Expression of COLLAGEN 1 and ELASTIN Genes in Mitral Valvular Interstitial Cells within Microfiber Reinforced Hydrogel

Document Type : Original Article


1 Department of Biology, Science and Research Branch, Islamic Azad University, Tehran, Iran;Department of Genetics,Tehran Medical Sciences Branch, Islamic Azad University, Tehran, Iran;Applied Biotechnology Research Center, Tehran M

2 Department of Biology, Science and Research Branch, Islamic Azad University, Tehran, Iran

3 4Department of Stem Cells and Developmental Biology, Cell Science Research Center, Royan Institute for Stem Cell Biology and Technology, ACECR, Tehran, Iran

4 5Cell Bank Division, Pasteur Institute of Iran (IPI), Tehran, Iran


The incidence of heart valve disease is increasing worldwide and the number of heart valve replacements is expected to increase in the future. By mimicking the main tissue structures and properties of heart valve, tissue engineering offers new options for the replacements. Applying an appropriate scaffold in fabricating tissue-engineered heart valves (TEHVs) is of importance since it affects the secretion of the main extracellular matrix (ECM) components, collagen 1 and elastin, which are crucial in providing the proper mechanical properties of TEHVs.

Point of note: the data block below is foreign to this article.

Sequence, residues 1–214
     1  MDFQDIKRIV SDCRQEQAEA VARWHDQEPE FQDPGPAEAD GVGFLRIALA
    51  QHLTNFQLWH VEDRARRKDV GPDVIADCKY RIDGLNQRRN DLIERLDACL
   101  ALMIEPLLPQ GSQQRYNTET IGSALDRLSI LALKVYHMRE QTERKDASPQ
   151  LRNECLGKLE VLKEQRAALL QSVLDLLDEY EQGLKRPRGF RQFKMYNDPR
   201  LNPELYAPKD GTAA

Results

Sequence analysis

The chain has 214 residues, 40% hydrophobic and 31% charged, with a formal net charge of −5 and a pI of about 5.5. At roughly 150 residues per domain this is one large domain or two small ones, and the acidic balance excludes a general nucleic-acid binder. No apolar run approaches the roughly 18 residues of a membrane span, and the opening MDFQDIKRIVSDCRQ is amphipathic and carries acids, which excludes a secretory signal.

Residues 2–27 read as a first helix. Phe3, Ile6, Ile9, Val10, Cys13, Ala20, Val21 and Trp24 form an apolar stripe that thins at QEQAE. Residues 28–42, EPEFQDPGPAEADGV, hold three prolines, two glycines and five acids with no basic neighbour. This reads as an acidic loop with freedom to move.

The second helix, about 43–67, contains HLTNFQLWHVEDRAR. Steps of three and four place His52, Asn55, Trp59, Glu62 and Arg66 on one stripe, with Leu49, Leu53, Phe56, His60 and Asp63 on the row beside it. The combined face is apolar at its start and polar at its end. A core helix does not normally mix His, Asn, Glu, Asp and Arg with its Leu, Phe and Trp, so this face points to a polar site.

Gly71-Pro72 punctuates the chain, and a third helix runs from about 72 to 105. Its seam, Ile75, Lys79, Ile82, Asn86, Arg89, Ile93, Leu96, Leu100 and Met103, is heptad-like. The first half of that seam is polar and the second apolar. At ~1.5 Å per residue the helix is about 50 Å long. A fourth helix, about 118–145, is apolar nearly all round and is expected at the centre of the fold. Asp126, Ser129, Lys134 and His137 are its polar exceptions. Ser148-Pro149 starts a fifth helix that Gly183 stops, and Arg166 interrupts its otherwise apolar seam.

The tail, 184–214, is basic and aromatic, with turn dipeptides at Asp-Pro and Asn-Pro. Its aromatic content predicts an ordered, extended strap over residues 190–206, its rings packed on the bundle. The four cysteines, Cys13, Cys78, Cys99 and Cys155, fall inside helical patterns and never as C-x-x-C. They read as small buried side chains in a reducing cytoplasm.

Materials and Methods
Using real-time polymerase chain reaction (PCR) in this experi- mental study, the relative expression levels of COLLAGEN 1 and ELASTIN were obtained for three samples of each examined sheep mitral valvular interstitial cells (MVICs)-seeded onto electrospun poly (glycerol sebacate) (PGS)-poly (ε-caprolactone) (PCL) microfibrous, gelatin and hyaluronic acid based hydrogel-only and composite (PGS-PCL/hydrogel) scaffolds. This composite has been shown to create a synthetic three-dimensional (3D) microenvironment with appropriate mechanical and biological properties for MVICs.
Cell viability and metabolic activity were similar among all scaffold types. Our results showed that the level of relative expression of COLLAGEN 1 and ELASTIN genes was higher in the encapsulated composite scaffolds compared to PGS-PCL-only and hydrogel-only scaffolds with the difference being statistically significant (P < 0.05).
The encapsulated composite scaffolds are more conducive to ECM secretion over the PGS-PCL-only and hydrogel-only scaffolds. This composite scaffold can serve as a model scaffold for heart valve tissue engineering.